Delta’s mayor says he wants his city to create a new plan for addressing climate change — but first he wants to hear from the youth.
George Harvie says he’s looking at forming a Mayor’s Youth Council, whose first task will be figuring out municipal strategies to address urgent climate concerns.
In a motion to be debated at Monday’s council meeting, the mayor calls for staff to prepare a report on the issue that would be informed by the youth council’s suggestions.
“Delta needs to engage the community and hear what the community is saying so we can get some ideas from them, and especially our younger people,” Harvie said.
Harvie says he wants to hear more opinions before declaring a climate emergency, which has been done by several other Metro Vancouver cities including Vancouver and Richmond.
The youth council would help outline what the city can do better in reducing greenhouse gases and otherwise fighting climate change, he said, adding there’s no one better to speak on climate change than younger generations.
“I am so impressed in the youth in Delta, and I’m sure it represents the youth around the province and around the Lower Mainland,” Harvie said.
The comments came shortly before Friday’s youth-led rally for federal climate change action was held in Vancouver, which featured a speech from 16-year-old Swedish climate activist Greta Thunberg.
The rally was the latest in a series of school walkouts led by students that have been taking place for weeks throughout B.C., including Delta, and around the world.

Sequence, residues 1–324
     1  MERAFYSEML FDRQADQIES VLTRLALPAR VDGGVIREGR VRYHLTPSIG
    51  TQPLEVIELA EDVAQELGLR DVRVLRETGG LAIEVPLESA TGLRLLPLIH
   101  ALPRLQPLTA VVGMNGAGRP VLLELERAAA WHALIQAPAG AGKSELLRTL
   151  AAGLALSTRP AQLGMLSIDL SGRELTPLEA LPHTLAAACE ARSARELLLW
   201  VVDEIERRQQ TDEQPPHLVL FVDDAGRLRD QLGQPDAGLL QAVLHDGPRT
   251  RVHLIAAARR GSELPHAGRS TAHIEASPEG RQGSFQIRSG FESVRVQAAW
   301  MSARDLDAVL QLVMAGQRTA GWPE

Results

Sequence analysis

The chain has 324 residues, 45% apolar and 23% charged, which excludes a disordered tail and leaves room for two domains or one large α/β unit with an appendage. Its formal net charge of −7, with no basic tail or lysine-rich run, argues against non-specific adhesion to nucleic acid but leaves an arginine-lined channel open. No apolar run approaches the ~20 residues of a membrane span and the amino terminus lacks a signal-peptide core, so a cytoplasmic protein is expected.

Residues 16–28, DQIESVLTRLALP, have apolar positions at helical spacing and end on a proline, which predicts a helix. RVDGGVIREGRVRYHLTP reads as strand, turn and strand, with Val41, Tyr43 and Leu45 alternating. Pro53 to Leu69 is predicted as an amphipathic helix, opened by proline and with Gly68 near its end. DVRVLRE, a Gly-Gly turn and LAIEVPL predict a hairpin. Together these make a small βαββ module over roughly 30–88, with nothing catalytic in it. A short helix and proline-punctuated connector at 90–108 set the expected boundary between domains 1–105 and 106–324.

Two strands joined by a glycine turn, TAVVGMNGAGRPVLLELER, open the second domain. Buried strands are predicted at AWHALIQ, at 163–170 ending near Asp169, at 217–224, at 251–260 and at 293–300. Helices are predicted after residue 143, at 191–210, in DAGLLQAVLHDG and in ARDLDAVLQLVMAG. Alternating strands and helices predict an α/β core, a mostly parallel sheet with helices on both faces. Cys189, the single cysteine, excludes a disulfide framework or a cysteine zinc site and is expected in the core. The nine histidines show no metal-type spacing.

Harvie’s motion points to a report from the Intergovernmental Panel on Climate Change that calls for urgent actions to limit global warming to 1.5 degrees Celsius, rather than two degrees as previously understood.
He also mentions Thunberg’s activism, including her appearance at the United Nations Climate Summit where she memorably slammed world leaders for not doing enough to address the issue.
The youth-led climate movement argues federal governments are putting future generations at risk by ignoring calls for climate action.
A lawsuit filed Friday in Federal Court by 15 Canadian youths claims Ottawa is infringing on their Charter rights by not preventing health and environmental risks, including wildfires and floods, that are linked to climate change.
Harvie says he’s inspired by the movement, and is hopeful the rest of council approves his motion.
“It’s important that we engage the community, especially as I mentioned the youth, because this action plan is meant for the youth, really,” he said.
If approved, the staff report would be tasked to address solutions including transit expansion and the restoration of Burns Bog, among other concerns.